On October 10, 2020, the Cox family discovered that her beloved daughter Za’Miya was diagnosed with Diffuse Intrinsic Pontine Glioma, also known as DIPG, and their life changed forever. DIPG is a type of tumor that starts in the brain stem and progressively affects the nerves and muscles that allow us to see, hear, walk, talk, and even eat.

However, since day one, Za’Miya’s mother showed strength and love towards her daughter fighting against this terrible disease and supporting her every step. Due to the aggressiveness of the disease Za’Miya’s doctor told her family she only had from 6 months to 2 years to live. Her family and her strong faith helped them to survive these tough times.

In this, it is important to highlight that DIPG has a survival rate of less than 1%. This disease can also affect older teens and adults, but it is more common among children. The treatment includes palliative radiation, and the therapy remains almost the same since the 70s.

Unfortunately, on May 17th Za’Miya left us after a 10-month battle against cancer. As her mother mentioned in Za’Miya’s Instagram account, her daughter will be forever 10 years old. Her love and brightness will always be remembered and cherished by those who knew about her and her fight.

Faith and Love

Herein, Cancer is a complex disease that impacts every single member of a family group. However, it is important to have in mind that all the efforts and sacrifices must be aimed to ease the patient’s symptoms, so each treatment session also produces union and strength among relatives and not fear and anxiety.

Also, it is important to highlight that DIPG, like several other types of cancer, affects not only the body and mind of the patient but also their behavior, and as consequence, their interactions with the world. Therefore, parents need to deliver positive messages that stimulate their kids’ imagination and that safeguard their mental health.

Among the resources, we can mention books and music, as well as online programs, that aim to alleviate the children’s feelings and conflicted emotions by allowing them to interact with different scenarios where they become the main character of a story.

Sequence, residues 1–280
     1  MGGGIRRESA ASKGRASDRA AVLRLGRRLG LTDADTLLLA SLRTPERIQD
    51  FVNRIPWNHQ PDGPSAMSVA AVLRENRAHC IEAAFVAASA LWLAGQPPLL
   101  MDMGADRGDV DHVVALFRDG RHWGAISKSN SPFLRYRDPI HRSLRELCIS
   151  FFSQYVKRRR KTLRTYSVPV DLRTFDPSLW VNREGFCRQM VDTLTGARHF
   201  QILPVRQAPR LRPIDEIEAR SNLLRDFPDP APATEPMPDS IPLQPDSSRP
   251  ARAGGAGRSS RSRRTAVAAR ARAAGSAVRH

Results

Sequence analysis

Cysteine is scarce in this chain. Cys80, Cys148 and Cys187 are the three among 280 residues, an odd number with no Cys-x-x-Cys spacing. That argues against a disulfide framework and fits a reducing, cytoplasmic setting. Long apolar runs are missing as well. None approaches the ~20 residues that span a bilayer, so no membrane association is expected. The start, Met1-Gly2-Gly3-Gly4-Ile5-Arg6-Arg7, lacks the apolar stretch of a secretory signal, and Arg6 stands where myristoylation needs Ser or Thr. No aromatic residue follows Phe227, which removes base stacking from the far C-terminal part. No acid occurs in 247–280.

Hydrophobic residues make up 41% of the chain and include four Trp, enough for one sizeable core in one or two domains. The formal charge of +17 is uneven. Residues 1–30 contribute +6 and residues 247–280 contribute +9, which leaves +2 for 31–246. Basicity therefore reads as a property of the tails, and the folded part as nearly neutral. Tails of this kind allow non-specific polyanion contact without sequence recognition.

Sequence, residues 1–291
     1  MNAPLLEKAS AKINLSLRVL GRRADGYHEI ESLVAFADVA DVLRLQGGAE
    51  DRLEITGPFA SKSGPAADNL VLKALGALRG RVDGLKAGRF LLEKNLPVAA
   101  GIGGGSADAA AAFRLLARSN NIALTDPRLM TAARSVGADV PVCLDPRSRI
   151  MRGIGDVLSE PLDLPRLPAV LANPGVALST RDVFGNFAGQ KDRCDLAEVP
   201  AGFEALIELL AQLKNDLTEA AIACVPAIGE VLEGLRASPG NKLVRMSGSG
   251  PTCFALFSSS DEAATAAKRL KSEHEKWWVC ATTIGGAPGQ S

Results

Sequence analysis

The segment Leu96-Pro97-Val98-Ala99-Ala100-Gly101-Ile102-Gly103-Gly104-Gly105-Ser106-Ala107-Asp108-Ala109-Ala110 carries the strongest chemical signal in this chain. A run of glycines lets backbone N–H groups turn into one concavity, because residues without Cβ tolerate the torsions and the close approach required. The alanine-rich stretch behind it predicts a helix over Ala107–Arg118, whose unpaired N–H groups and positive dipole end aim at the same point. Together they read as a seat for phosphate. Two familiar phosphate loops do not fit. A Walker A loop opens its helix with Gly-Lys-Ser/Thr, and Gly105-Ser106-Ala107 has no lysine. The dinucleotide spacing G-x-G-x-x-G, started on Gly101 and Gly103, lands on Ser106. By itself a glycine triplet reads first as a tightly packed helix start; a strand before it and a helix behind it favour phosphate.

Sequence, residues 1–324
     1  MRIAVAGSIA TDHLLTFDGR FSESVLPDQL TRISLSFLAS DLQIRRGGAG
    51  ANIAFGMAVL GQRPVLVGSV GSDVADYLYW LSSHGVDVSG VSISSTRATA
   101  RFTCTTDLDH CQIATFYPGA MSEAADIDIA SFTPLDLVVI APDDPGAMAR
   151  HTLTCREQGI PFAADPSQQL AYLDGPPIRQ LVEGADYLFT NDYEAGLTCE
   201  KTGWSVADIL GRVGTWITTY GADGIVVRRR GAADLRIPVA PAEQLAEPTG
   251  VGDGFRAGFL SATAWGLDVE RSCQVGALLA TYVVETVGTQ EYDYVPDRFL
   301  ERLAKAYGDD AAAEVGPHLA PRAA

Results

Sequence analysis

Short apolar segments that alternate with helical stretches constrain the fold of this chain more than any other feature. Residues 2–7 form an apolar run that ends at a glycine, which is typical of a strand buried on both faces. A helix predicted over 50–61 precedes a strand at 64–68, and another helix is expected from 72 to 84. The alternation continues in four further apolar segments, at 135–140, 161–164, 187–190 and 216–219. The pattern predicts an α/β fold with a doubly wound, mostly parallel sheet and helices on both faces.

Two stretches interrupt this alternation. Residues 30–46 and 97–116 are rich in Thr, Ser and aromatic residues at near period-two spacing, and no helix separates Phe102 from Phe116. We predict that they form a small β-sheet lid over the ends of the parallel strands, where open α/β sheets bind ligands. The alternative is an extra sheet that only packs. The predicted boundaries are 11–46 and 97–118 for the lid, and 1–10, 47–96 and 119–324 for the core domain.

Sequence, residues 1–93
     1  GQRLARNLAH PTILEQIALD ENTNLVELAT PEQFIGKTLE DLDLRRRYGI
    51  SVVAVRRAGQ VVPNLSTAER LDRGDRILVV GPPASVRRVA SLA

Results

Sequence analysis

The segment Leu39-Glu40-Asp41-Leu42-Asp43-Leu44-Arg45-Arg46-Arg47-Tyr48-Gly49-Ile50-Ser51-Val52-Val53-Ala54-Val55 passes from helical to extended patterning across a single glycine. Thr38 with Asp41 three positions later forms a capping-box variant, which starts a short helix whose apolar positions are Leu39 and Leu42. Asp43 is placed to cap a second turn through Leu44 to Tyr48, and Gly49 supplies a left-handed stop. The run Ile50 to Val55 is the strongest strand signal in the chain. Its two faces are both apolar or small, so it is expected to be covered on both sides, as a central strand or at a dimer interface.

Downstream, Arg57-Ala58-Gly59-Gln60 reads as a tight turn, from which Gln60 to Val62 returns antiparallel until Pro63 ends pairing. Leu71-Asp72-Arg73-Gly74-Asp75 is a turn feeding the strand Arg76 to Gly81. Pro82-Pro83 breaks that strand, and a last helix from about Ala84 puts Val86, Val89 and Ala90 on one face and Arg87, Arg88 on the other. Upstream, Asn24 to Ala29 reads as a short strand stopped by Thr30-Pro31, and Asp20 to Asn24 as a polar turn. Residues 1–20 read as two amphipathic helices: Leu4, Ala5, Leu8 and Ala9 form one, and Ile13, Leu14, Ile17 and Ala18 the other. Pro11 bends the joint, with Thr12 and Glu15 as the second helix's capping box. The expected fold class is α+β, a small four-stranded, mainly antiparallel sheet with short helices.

In summary, cancer is still a complex and emotionally taxing disease in which patients require all our love and constant dedication. Za’Miya’s mom taught us this incessantly, during those 10 months of treatment in which she lived what her little one did every day.

It is in these circumstances where we can see how love transcends life marking certain experiences as unique and perennial, a model in which to find inspiration to keep helping the most in need.

Finally, from Friends of Rick Daniels, we want to send a message to Za’Miya’s family from our platform. A thank you for teaching us strength and how the constant act of giving can restore our faith for the future; but also, a thank you to Za’Miya herself, for giving us that amazing joy for living and an irreplaceable smile.

 

Eduardo Guillen

Leave a Reply

Your email address will not be published. Required fields are marked *

You may use these HTML tags and attributes:

<a href="" title=""> <abbr title=""> <acronym title=""> <b> <blockquote cite=""> <cite> <code> <del datetime=""> <em> <i> <q cite=""> <s> <strike> <strong>